The government will slap major auditing firm ChuoAoyama PricewaterhouseCoopers with a business suspension order for its accountants’ involvement in window-dressing by Kanebo Ltd., Financial Services Minister Kaoru Yosano said Tuesday.

The order, expected later this week, would be the FSA’s first suspension of one of Japan’s four major auditing firms.

Three accountants who worked at the Japanese unit of the PricewaterhouseCoopers Group were charged last October with conspiring with executives at Kanebo to falsify the ailing cosmetics firm’s financial reports in fiscal 2001 and 2002, covering up more than 160 billion yen in liabilities.

The three have resigned from the firm and pleaded guilty in March before the Tokyo District Court.

The agency said the accountants were able to doctor Kanebo’s figures because of flaws in the auditing firm’s internal controls, holding it responsible for the incident.

Yosano said the matter would be taken up later in the day at a meeting of the Certified Public Accountants and Auditing Oversight Board, which will decide on details of the punishment.

Following the board’s approval, the agency is expected to make a formal decision by the weekend.

The government will have to consider the appropriate penalty by weighing the need to punish wrongdoing against the economic disruption such a penalty could cause, Yosano told a Lower House committee session in the morning.

Yosano suggested that to avoid turmoil, the government should wait until July, when ChuoAoyama is scheduled to complete its auditing of clients that close their books in March and hold shareholders’ meetings in June.

Following media reports of the sanctions, ChuoAoyama said the company had not received information from the FSA on the matter.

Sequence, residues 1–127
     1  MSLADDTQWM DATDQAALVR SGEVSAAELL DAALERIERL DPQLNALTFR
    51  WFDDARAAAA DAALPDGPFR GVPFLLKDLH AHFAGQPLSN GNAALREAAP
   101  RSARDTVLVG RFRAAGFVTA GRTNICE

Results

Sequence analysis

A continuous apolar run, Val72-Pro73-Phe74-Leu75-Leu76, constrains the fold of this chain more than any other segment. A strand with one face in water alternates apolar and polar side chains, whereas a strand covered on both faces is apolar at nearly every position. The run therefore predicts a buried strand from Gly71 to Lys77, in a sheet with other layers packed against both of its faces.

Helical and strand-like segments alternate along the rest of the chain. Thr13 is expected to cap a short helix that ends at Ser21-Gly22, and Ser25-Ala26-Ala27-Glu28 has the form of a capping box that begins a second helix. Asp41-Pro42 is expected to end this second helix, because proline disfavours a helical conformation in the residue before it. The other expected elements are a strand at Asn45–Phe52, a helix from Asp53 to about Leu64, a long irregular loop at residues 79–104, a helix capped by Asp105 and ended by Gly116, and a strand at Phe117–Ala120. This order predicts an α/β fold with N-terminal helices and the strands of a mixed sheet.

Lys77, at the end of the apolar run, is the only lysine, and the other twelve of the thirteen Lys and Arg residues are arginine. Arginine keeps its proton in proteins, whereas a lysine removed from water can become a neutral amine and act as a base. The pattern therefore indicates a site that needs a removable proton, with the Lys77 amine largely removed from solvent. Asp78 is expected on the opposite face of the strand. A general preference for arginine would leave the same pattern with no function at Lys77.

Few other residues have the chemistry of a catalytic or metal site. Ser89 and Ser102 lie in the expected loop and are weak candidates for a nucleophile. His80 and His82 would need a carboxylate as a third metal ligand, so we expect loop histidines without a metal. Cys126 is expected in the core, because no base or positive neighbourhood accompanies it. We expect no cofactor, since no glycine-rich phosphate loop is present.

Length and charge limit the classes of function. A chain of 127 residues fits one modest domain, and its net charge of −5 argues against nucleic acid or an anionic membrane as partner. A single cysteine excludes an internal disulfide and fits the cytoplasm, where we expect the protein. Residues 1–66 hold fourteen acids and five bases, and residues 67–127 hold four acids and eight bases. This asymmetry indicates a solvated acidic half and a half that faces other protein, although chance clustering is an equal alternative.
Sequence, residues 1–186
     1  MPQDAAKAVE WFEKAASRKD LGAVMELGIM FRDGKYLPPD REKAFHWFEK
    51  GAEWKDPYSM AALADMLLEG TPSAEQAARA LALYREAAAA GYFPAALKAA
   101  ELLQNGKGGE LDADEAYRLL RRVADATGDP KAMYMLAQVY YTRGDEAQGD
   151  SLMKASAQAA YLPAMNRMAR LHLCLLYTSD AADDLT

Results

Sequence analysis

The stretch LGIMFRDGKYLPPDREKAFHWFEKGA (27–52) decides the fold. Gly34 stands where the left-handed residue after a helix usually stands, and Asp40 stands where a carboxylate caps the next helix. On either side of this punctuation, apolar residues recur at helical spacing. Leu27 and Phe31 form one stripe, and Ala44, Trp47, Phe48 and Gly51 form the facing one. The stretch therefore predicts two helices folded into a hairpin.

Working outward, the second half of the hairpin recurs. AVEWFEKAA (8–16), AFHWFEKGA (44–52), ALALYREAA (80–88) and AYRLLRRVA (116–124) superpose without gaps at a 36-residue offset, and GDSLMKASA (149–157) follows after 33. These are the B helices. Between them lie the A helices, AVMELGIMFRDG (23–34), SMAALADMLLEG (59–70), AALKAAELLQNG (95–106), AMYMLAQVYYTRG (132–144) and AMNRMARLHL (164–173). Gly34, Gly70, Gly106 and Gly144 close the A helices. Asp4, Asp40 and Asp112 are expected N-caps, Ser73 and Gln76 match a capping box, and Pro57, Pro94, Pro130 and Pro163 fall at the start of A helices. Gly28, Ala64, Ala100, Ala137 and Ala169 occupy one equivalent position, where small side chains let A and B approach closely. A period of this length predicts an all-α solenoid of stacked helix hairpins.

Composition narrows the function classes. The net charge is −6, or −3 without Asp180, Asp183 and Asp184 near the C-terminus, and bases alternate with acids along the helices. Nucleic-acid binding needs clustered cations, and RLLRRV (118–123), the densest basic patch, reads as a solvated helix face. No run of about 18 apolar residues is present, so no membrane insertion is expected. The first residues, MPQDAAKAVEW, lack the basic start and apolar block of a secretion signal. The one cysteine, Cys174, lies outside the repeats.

“Taking into account that the Kanebo incident has developed into a criminal case, the firm has exerted its utmost efforts to regain social trust by carrying out urgent measures and drastic corporate reforms since last year,” ChuoAoyama said in a statement.

Should the punishment take effect, ChuoAoyama will be forced to suspend work with Kanebo and other clients for whom the three accountants conducted audits, according to an FSA official.

The accountants will be stripped of their registration as certified public accountants.

According to guidelines from the FSA last March, accountants who deliberately falsify financial reports are to be removed from the CPA register and their firms are to be suspended for three months as punishment for internal mismanagement.

If ChuoAoyama is forced to suspend operations with many clients, its operations could be seriously disrupted as clients defect to competitors.

ChuoAoyama has dealings with more than 5,500 companies. It was set up with an initial capital of 1.507 billion yen. It had 1,616 CPAs in 53 offices worldwide at the end of January.

In 2002, auditing firm Mizuho (which is unrelated to the Tokyo-based megabank) was forced to disband as its business collapsed after receiving administrative punishment when two of its accountants were indicted for falsifying the accounts of delivery firm Footwork Express Co.

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